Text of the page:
Look, fuck those swing voters. This election has already been decided:
Kerry 296, Bush 242.
The results, from where I sit, are quite clear: If all the votes are counted, John Kerry will win. Clearly. Convincingly. And without need for extensive litigation or Supreme Court intervention.
Allow me, first and foremost, to restate my displeasure with the near-incompetence of Kerry’s tone-deaf campaign. Aside from the well-known shortcomings of the candidate himself, Kerry missed several chances by which he might have dominated the race early on rather than sinking into his August slump.
Consider the discipline of the Bush attack machine in contrast. If Kerry had said “I don’t think you can win the war on terror,” Republicans would have practically strung him up on the spot. The outrage would have been deafening, and would undoubtedly have sunk the senator’s campaign.
If a Gore administration had advised Americans that the best they could do to protect their families was to go buy plastic wrap and duct tape, Republicans would never have allowed the public to forget.
If President Gore had stated that “the right track/wrong track in Iraq is better than here in America,” Republicans would have howled about how the liberals care more about nation-building overseas than Joe Schmoe mill worker in Ohio.
And President Gore could never have run a baldly exploitative campaign based entirely on 9/11 — much like if Franklin D. Roosevelt ran on the idea that Pearl Harbor was his finest hour — because Republicans would have already impeached him two years earlier.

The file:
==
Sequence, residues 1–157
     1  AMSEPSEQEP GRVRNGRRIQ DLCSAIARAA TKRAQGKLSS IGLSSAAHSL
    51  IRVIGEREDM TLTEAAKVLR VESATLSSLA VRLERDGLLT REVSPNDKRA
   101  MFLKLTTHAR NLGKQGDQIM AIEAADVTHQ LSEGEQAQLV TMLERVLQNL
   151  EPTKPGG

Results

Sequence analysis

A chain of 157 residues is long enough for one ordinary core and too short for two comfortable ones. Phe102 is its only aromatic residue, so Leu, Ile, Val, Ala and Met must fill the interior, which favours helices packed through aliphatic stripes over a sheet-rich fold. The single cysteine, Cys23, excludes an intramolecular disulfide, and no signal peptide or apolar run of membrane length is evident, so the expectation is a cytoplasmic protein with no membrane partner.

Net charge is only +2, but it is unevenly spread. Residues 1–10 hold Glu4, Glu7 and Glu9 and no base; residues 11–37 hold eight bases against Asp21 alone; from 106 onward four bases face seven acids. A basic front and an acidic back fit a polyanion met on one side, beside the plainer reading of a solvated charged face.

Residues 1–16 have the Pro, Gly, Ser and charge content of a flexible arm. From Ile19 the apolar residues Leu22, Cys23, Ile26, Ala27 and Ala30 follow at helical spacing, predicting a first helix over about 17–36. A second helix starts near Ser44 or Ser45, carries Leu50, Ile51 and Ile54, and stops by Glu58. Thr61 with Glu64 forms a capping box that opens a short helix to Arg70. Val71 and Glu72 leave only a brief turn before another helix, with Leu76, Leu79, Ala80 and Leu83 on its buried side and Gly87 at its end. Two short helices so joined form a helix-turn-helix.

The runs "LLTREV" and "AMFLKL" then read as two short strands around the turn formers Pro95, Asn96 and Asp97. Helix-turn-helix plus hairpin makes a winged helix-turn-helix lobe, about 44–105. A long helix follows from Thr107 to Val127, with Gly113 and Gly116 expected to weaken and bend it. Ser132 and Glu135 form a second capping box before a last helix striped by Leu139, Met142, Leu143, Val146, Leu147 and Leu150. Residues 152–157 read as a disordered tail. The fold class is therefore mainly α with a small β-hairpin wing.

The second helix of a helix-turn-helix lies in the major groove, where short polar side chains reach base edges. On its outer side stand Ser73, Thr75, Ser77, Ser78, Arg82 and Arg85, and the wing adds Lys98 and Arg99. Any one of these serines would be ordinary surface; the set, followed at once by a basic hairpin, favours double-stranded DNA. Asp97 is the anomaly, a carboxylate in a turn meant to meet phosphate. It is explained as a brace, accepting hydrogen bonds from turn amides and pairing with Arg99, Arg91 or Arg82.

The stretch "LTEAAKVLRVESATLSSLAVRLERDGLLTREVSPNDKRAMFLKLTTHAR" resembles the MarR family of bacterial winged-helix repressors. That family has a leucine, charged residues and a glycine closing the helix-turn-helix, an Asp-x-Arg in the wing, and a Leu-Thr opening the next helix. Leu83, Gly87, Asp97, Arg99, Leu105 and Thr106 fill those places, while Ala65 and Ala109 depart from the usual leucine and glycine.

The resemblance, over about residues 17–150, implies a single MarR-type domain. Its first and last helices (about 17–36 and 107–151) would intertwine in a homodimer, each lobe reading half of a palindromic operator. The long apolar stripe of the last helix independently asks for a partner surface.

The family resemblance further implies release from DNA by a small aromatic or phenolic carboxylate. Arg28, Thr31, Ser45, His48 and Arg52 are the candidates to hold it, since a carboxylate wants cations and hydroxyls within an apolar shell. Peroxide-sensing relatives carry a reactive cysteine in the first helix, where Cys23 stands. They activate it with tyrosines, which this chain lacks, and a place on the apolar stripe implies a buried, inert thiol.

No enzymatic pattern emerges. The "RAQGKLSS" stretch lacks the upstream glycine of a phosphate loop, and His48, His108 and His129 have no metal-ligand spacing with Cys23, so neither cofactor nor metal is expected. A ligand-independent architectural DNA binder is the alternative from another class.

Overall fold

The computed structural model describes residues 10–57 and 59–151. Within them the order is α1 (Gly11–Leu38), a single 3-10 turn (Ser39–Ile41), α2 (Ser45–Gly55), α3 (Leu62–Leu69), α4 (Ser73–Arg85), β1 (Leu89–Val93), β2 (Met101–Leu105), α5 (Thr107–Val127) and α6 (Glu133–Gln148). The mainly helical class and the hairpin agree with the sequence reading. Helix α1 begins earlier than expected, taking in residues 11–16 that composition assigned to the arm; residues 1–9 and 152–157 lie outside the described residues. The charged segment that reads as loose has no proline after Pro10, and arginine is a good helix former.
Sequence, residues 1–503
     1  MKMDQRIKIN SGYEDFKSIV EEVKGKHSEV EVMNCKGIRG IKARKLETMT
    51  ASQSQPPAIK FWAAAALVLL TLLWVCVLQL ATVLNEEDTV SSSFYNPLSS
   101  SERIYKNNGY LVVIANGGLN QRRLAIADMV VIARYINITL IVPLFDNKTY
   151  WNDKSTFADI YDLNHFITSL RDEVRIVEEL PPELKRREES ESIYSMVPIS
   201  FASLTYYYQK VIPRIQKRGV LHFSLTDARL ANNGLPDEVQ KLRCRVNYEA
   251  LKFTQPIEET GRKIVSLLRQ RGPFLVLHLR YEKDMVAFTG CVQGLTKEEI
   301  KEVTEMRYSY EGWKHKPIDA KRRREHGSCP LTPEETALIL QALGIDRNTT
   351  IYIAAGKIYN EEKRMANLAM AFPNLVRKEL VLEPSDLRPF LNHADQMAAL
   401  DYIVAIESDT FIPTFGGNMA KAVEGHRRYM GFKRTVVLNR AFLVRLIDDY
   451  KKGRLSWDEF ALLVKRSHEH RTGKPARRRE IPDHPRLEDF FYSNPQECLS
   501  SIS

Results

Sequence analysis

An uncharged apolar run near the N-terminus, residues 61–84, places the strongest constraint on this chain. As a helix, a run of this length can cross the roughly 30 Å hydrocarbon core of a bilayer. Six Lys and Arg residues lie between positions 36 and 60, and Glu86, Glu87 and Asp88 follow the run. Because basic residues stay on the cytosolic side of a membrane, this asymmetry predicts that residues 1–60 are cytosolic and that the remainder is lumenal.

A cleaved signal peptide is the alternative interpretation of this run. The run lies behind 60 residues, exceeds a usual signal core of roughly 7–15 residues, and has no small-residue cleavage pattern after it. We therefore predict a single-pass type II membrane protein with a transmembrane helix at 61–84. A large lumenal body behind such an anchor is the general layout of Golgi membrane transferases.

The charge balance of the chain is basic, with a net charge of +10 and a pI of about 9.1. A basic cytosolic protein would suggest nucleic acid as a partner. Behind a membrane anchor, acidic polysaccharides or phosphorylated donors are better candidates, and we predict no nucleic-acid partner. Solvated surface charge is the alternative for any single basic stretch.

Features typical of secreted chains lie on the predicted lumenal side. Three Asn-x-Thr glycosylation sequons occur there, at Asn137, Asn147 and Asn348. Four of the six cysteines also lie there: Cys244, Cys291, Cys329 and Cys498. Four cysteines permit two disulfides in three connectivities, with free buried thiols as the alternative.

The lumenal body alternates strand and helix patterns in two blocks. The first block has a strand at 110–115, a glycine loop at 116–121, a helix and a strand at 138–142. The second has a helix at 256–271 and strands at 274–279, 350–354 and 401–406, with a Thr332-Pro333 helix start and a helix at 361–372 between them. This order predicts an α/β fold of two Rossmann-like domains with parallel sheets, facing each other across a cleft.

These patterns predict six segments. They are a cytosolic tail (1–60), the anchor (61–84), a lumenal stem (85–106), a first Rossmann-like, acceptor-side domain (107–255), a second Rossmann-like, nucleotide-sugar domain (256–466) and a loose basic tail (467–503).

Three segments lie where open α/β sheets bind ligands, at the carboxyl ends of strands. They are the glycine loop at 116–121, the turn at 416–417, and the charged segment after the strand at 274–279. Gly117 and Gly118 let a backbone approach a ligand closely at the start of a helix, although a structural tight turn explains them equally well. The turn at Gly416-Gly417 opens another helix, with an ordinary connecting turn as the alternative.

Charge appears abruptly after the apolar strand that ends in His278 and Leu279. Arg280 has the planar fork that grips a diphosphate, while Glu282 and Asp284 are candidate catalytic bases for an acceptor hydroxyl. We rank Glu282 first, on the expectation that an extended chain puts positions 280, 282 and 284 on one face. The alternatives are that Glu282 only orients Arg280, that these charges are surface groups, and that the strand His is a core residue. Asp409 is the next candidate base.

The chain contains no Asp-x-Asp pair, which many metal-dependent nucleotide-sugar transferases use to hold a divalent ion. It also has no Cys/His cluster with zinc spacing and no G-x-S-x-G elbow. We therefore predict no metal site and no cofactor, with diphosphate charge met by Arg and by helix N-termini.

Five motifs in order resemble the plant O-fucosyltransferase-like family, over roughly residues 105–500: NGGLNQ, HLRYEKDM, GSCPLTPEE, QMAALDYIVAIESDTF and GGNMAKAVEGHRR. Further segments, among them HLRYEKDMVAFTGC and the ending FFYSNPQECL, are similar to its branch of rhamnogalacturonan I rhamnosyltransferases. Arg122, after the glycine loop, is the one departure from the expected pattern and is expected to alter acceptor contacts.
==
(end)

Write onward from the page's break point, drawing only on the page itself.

Kerry missed this and many other chances to crystalize Republican incompetence in the mind of the public. And chief among them, I think, was his refusal to fight back against the charge that he is a vaccillating flip-flopper even when there was a vast array of ammo at his disposal.
Still, though, Kerry succeeded in the race simply by not failing; He presented himself as a plausible president in the first debate, which instantly upended the Republicans’ cartoonish characterizations of an ultra-liberal, viet cong-supporting, tax-loving, soldier-hating finger-in-the-wind opportunist.
The Bush campaign, for its part, has lost its last opportunity to turn the race into a referrendum on Kerry. Its incompetent handling of the Iraqi munitions story allowed it to quickly snowball and bury any message the campaign intended to disseminate in the final week.
Kerry’s Ohio hunting trip, coupled with the Boston Red Sox’s World Series win presented enough symbolic appeal to bolster the candidate’s support among stupid, testosterone-addled men.
Lastly, and most importantly, the failure to enact intelligence reforms from the 9/11 commission before election day represents a profound political failure. Even signing a bill on Monday is too late to not be seen as transparently political and desparate. Republicans control the House, the Senate and the presidency, and their failure on this issue will drive the final nail in the Bush administration’s coffin.